BBC News - Ceop website form 'could have put children at risk'
igb at batten.eu.org
Sun Apr 10 15:14:04 BST 2011
> Given that there's no money to be made intercepting reports of child
> abuse, I wonder what the practical risk is from third parties. If
> there's an abuser in the same household with access to (and checking
> up on) the child's PC, then being able to see the browser history
> will be enough to ring their alarm bells, without actually having to
> go to the bother of intercepting all the traffic.
Well, a sophisticated abuser could play with the DNS, routing or a
trap proxy within their household to redirect traffic to a fake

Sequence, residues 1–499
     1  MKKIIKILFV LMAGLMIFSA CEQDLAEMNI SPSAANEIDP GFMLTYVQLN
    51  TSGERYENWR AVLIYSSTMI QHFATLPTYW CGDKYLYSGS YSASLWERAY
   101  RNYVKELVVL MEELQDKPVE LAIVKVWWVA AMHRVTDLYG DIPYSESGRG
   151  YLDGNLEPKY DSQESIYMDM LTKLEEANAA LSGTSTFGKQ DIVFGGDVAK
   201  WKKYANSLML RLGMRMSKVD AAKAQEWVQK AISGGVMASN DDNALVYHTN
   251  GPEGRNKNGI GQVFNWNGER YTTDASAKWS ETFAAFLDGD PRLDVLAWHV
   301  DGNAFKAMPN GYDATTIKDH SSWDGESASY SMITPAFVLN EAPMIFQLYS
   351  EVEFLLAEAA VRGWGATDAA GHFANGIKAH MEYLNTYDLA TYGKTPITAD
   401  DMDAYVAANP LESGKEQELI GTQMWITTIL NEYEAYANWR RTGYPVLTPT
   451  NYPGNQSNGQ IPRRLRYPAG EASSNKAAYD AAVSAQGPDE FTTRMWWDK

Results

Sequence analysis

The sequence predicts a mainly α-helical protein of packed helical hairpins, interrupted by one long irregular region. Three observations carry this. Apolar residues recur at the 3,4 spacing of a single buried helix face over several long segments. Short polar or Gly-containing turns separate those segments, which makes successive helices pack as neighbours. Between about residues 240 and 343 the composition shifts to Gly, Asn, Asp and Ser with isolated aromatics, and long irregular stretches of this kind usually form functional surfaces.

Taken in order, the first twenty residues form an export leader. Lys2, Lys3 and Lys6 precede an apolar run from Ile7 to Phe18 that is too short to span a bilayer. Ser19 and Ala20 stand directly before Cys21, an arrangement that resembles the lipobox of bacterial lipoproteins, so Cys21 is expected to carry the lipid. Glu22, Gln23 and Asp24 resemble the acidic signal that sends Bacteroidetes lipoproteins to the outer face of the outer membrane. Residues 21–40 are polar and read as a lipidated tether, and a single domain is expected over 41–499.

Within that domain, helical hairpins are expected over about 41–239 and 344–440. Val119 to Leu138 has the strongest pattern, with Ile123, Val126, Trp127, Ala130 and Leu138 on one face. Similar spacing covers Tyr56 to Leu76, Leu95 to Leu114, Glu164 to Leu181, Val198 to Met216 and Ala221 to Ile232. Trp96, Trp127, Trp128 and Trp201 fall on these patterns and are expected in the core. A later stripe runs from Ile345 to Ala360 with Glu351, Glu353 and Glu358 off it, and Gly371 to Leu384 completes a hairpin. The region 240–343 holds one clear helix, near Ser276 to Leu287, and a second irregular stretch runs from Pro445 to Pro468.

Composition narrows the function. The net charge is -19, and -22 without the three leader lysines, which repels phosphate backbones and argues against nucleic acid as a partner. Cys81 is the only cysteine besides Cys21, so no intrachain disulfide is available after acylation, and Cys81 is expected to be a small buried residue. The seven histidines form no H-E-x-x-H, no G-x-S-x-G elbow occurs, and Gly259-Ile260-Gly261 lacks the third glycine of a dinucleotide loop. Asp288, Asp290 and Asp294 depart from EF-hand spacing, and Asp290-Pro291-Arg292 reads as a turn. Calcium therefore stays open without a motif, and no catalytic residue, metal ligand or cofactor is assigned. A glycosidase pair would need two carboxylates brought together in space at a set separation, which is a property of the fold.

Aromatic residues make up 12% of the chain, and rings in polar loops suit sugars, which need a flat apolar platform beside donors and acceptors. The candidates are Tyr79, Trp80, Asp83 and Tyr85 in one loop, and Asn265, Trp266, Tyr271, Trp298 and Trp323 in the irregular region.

website which notified them of the report and then discarded. But it
seems a bit far fetched, and the only advantage of http over https to
such an adversary is that the attack wouldn't throw a certificate
warning; given the poor standards of certificate hygiene both on
servers and amongst users (especially children), the same attack on
https would be almost certain to work anyway.
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